|About the Book|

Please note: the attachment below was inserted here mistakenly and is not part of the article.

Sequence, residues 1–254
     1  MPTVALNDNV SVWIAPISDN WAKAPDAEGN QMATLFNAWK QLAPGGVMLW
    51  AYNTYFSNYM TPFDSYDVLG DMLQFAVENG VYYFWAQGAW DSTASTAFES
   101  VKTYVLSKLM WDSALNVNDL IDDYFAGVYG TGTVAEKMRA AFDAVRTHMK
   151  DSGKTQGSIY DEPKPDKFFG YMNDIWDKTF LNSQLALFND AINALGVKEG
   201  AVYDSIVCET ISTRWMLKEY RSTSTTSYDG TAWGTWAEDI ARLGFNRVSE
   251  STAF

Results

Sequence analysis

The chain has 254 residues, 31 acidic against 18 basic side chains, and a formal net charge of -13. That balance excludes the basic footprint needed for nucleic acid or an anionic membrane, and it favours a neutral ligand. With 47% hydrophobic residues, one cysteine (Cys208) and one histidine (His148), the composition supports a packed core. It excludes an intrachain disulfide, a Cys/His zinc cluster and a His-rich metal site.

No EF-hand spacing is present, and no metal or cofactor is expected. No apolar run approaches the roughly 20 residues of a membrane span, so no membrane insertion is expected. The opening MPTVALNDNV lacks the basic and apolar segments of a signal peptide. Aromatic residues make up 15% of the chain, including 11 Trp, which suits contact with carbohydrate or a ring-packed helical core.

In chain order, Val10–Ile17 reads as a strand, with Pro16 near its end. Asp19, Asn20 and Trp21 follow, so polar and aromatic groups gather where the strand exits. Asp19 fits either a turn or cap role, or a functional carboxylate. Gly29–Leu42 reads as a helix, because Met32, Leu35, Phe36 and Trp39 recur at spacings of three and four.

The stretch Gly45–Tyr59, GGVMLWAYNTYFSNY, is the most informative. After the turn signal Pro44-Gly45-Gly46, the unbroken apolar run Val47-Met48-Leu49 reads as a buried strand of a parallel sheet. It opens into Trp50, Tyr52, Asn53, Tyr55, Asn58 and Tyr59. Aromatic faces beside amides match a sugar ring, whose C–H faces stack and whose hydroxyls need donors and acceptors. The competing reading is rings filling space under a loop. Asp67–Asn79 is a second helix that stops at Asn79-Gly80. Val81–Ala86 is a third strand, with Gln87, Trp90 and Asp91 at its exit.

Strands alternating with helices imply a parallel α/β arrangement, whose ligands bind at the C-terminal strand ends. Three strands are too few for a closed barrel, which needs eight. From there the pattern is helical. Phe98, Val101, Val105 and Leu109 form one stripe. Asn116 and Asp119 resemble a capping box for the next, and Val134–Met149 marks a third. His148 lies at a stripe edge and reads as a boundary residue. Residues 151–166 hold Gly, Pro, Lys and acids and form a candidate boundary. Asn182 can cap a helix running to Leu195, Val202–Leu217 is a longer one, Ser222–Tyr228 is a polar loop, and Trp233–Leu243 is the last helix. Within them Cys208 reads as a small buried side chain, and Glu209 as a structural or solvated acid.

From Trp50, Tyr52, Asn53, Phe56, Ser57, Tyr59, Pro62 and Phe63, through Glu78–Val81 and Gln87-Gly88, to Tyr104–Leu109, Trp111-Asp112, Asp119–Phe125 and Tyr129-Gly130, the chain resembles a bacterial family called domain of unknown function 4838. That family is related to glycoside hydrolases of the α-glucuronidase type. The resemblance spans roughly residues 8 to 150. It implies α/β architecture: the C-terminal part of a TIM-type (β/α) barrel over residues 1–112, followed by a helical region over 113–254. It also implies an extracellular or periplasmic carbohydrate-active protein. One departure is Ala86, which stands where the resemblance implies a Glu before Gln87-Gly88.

The British army reached the apogee of its success in the war against Napoleon, and in particular in the famous campaigns in the Peninsula, when under Wellingtons command. Yet many aspects of how it achieved its victories have been ignored or takenMoreThe British army reached the apogee of its success in the war against Napoleon, and in particular in the famous campaigns in the Peninsula, when under Wellingtons command. Yet many aspects of how it achieved its victories have been ignored or taken for granted. This book breaks new ground in a series of meticulous studies, which reveal the hidden mechanisms that lie behind triumphs such as Salamanca and Vitoria. At the same time it places Wellingtons campaigns in their strategic context and explains how he achieved his success. The organization of Wellingtons army and the principles underlying the way in which the troops were placed in the line of battle are uncovered in a penetrating new analysis. The subordinates who commanded his brigades and divisions are given the attention they deserve, and there is an authoritative explanation of the importance of army rank and seniority.Fascinating studies of bridging operations, including the construction of Europes first suspension bridge, and the role of reconnaissance (or exploring) officers reveal the practical difficulties of campaigning in a country where roads were few, maps inaccurate, and what bridges existed were often of ancient Roman origin. An invaluable appendix lists and organizes by regiment the titles of the many hundreds of first-hand accounts of the war by British soldiers.This book emphasizes that there was more to Wellingtons generalship than just command on the battlefield. It is an important and original contribution to the history of the Peninsular War, and it builds upon the pioneering work of Sir Charles Oman.